President launches Quebec-style Clarity Act committee, calls meeting with parties in June

Aragonès commissions first report from group to study independence referendum negotiated with Spain

Catalan president Pere Aragonès during a press conference on April 11, 2023
Catalan president Pere Aragonès during a press conference on April 11, 2023 / Bernat Vilaró
Catalan News

Catalan News | @catalannews | Barcelona

April 11, 2023 01:02 PM

April 11, 2023 08:04 PM

Catalan president Pere Aragonès launched a Quebec-style Clarity Act committee, as was announced on Tuesday during a press conference after the weekly cabinet meeting.

Aragonès, who first proposed the measure as a means of negotiating an independence referendum with Spain late last September, has already commissioned a first report from the group and called a meeting with all parties in June, following the local elections in May, to discuss its findings. 

The committee headed by Pompeu Fabra University professor Marc Sanjaume, who Catalan News last interviewed in 2021, will also be made up of other political scientists and legal experts from Catalan universities. 

The Esquerra Republicana pro-independence minority cabinet wants other parties to share their proposals and objections before the committee opens the debate to civil society groups.

Catalan authorities aim to include associations, entities, unions, companies, platforms, and other organizations, including those in the worlds of culture and sports, in the debate.

By the fall, citizens will be encouraged to participate in discussions. These people will be selected at random from all over Catalonia to take part in a focus group. All in all, the cabinet expects there to be eight debates.

The committee is set to produce a final report by early 2024 that the Catalan government hopes will allow it to reach an agreement with Madrid on holding a vote.

Once a final report is produced, which Aragonès hopes will legitimize and strengthen his quest for independence, the Catalan government will approve a Quebec-style Clarity Act. This will be brought to the so-called 'dialogue table' discussions with the Spanish government on the issue of Catalan independence. 


The Catalan cabinet has not closed the door on the possibility of debating the Clarity Act bill in Parliament before it is approved if this is recommended by those who participate in the committee-led process.

Opposition remains unconvinced 

Opposition parties reacted to the news swiftly, with a wide range of parties questioning Aragonès' announcement. 

Although fellow pro-independence Junts per Catalunya, Esquerra's former junior coalition partner, said it would attend the meeting in June, the party's spokesperson, Josep Rius, called on Aragonès to hold another meeting with only political groups in favor of parting ways with Spain as, he argued, they should "clarify how Catalonia should achieve its independence."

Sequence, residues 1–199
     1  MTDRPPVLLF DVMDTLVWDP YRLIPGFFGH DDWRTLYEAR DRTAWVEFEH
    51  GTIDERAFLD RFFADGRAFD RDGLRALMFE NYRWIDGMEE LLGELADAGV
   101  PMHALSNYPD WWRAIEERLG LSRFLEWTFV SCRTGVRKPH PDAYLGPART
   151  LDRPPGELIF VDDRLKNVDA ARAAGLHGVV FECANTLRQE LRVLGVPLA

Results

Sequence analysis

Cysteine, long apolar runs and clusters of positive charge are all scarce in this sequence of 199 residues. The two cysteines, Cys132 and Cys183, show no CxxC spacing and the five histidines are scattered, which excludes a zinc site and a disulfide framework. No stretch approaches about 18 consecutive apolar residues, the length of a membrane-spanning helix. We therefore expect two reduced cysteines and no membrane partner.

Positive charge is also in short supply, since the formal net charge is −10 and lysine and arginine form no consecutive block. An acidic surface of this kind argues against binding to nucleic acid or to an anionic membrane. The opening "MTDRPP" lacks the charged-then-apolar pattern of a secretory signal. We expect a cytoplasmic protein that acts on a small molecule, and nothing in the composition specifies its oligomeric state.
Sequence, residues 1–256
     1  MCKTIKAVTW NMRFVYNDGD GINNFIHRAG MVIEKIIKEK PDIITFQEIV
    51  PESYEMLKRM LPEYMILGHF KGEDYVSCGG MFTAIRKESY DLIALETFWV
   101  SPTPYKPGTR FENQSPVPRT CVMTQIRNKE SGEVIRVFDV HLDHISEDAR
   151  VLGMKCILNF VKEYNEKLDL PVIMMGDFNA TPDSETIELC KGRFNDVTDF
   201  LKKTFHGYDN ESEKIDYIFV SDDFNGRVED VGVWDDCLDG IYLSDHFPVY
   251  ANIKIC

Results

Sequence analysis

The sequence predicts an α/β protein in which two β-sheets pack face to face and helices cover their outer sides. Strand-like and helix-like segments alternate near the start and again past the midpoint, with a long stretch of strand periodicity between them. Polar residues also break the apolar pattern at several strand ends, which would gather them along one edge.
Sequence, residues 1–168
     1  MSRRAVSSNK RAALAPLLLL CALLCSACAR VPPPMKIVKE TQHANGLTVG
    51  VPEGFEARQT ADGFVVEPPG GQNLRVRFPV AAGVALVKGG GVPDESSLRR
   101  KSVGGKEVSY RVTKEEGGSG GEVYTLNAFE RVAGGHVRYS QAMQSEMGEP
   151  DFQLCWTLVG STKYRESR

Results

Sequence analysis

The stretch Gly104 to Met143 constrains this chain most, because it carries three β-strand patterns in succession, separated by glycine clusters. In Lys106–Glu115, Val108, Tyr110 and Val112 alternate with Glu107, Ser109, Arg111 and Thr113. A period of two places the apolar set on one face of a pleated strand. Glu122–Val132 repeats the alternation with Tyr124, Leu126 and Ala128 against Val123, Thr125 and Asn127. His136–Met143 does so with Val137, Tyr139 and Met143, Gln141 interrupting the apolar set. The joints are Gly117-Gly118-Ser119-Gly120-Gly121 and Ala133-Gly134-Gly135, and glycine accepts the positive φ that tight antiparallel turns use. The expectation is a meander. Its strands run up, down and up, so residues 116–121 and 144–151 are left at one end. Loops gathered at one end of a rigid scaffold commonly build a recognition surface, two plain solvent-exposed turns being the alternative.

Rius also said that his party would defend their position that "the mandate of October 1" is still valid, referring to the 2017 referendum not recognized by Spain in which ballots in favor of independence outnumbered those against it, and suggested the committee had been announced now because of the upcoming local elections

Similarly, Carles Puigdemont, an MEP for Rius' party and the president at the time of the vote, took to Twitter to accuse Aragonès of "imposing" an agreement while lacking "the necessary consensus."

Far-left CUP, the other opposition pro-independence party in Parliament, has not confirmed attendance to the summit in June. They will only participate if it seeks to "find a consensus on how to move forward" towards independence.

"We need to know what we are invited to," said MP Laia Estada.

The Socialists, on the other hand, described the proposal as one that "only has minority support" and expressed frustration at not yet being able to address the situation surrounding suspended Junts speaker Laura Borràs' seat in Parliament following her recent 4.5-year sentence for corruption

"Sincerely, it surprises us that when there are such serious problems in the country, the president isn't focusing all of his efforts on them," the party's parliamentary spokesperson, Alícia Romero, said. 


The conservative People's Party's Lorena Roldán, meanwhile, blasted Aragonès's proposal, arguing that "the Clarity Act is the Constitution. There is nothing clearer than that."

Roldán's former party, Ciudadanos, also criticized the president for "generating a sterile debate that takes us nowhere."

"The Clarity Act is interesting from an intellectual and dogmatic point of view, but from my human and political point of view, I prefer Article 2 of the Constitution," Nacho Martín Blanco said in reference to the point that establishes "the indissoluble unity of the Spanish nation, the common and indivisible country of all Spaniards."

Anti-austerity En Comú Podem, which is unaligned on the matter of Catalan independence, complained that Aragonès should not have called a meeting with parties in June "without there being a consensus and agreements."